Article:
We vanned to Cle Elum to get started, and stopped on Snoqualmie Pass for coffee. I even found they sell Raven's Brew, a brand of bean we haven't seen since we lived in Juneau. I got a bag for Cindy, and it was a hit. We arrived at the Iron Horse Inn early, and Derek set up to make lunch, while we all got bikes ready and changed for a ride. Remember, BA doesn't have a dead "travel day" to start. You ride the first day. On this trip, we would do a loop ride first. Pretty convenient to come back to the place you'll stay for the evening. Lunch was really good, and we gathered up for the traditional route briefing and safety reminders.

The cycling route in Cle Elum was really nice. A little traffic getting out of town, but the road we were on most had no cars at all. It was hot and sunny, and toward the end of the ride, a thunderstorm blew up just as we arrived back at the Iron Horse Inn. The Inn is *really cool*. It was a railroad rooming house and is now a B&B. I recommend it highly if you're in the area. The proprietors are really friendly and knowledgeable about the history of their place. Lots of fun to peruse the artifacts and relax.

Dinner was at an italian place in Cle Elum. It provided the ongoing joke for the entire trip. Seems our young waitress, while skilled and schooled she might be in many an important subject, was a little short on the concept of *adding* the tax to the final bill. BA's well-advised policy (well described in all the materials) is that the guests pay for their own booze (other than the traditional beer cooler at the end of the ride. It was stocked with everyone's favorite beer too - a bit of information your guide will solicit on that call the week before). So, when the booze tabs arrived, it took our young waitress some time to sort out the difference between the + button and the - button. We still had time to make it to the in town ice cream shop, then off to bed for an early start tomorrow. The Inn breakfast was primo.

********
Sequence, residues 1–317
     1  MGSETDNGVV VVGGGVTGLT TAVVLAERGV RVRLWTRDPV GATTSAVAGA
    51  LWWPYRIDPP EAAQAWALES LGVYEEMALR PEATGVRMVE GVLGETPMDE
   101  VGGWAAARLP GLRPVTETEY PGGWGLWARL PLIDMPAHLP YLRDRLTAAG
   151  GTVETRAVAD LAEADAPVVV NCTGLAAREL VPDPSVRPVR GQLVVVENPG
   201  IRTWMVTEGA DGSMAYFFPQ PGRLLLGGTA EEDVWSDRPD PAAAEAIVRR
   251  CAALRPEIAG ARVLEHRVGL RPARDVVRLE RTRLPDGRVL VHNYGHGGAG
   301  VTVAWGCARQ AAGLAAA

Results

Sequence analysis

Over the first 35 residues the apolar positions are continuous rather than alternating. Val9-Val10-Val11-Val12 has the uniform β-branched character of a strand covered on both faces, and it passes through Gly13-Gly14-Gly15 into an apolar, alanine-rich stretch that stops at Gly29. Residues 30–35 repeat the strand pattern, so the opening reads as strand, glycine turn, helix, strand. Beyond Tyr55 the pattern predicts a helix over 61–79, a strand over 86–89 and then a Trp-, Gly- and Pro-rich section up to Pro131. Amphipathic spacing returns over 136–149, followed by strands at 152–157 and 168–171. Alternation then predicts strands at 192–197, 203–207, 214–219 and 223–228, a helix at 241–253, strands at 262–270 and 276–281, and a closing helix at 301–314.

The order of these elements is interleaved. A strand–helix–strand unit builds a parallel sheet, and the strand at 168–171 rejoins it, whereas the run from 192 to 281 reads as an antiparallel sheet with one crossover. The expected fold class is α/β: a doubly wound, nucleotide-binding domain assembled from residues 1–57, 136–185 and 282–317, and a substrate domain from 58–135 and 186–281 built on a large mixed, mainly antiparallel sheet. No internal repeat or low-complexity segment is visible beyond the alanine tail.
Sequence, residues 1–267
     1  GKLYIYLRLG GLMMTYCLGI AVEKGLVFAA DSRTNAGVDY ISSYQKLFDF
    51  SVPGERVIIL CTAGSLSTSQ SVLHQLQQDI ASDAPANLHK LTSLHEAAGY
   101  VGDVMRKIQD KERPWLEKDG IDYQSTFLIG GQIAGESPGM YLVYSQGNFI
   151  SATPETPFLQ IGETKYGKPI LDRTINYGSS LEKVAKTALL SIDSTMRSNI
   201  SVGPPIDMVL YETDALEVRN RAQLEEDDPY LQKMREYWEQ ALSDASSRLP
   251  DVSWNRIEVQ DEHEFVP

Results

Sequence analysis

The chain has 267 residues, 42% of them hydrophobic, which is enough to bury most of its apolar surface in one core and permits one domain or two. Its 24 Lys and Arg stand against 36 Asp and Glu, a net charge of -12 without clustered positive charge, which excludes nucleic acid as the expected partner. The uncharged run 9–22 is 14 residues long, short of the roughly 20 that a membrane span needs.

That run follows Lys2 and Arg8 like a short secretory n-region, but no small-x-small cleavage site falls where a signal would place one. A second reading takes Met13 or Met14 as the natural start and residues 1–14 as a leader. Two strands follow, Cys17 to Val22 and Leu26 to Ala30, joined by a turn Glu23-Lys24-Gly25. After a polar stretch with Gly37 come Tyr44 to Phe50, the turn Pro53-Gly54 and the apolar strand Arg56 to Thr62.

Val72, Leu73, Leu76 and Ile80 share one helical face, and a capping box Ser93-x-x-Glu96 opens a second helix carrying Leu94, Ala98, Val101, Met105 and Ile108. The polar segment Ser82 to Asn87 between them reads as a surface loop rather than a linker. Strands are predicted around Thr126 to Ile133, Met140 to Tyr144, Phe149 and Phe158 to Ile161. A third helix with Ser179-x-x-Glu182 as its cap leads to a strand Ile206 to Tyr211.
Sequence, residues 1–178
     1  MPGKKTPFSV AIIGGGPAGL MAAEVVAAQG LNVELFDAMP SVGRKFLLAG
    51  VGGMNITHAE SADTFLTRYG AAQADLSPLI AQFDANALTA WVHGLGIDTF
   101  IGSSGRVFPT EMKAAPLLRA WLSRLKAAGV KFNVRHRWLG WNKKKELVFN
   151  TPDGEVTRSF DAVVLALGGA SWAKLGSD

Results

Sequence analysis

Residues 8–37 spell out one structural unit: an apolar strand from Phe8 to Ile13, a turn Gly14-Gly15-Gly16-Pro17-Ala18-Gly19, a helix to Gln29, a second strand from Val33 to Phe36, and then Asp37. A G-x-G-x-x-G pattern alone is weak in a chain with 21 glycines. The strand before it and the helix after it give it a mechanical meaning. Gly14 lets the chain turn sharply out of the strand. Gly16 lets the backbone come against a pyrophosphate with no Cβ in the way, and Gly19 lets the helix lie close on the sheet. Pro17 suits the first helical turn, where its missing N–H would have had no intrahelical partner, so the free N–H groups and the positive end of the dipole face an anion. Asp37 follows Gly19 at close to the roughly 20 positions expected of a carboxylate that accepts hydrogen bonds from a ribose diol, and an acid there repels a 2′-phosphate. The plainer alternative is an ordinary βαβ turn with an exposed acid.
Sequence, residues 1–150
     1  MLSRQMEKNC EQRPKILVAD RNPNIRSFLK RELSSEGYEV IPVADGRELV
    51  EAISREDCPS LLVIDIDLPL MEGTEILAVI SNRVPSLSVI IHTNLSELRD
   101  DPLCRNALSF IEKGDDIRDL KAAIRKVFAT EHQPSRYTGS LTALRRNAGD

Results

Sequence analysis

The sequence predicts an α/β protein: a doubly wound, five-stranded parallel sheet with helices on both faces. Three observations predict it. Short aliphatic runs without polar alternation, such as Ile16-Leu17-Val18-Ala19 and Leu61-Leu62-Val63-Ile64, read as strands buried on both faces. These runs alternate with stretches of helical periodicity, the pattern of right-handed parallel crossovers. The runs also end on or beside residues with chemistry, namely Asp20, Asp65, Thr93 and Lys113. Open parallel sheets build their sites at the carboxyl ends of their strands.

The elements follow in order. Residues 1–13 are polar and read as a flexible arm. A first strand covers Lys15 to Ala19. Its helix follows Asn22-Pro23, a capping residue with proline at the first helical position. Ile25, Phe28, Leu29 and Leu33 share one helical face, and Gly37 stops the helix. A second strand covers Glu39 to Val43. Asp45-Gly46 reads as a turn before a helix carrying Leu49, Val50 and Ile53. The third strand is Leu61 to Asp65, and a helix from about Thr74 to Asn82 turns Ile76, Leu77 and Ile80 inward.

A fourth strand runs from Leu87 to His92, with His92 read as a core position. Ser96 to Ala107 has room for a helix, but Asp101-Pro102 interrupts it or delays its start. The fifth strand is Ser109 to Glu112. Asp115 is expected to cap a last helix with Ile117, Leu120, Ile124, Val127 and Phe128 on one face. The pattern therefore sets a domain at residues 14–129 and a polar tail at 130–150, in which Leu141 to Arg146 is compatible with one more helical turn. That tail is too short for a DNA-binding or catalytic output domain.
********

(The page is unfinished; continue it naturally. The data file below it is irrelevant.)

On Sunday, we rode out directly from the Inn toward Ellensberg for lunch. This too is an advantage for this trip, one we looked for. It seemed like the Crater Lake trip had some more time transferring in the van than our other trips. Probably an illusion, but Inn to Inn travel is much nicer - you get more time out on the bike. Sunday was the first of the Really Great Heatwave of Late July(tm) in the Pacific Northwest. Temperatures were headed well into the triple digits, destined to stay there for the entire trip.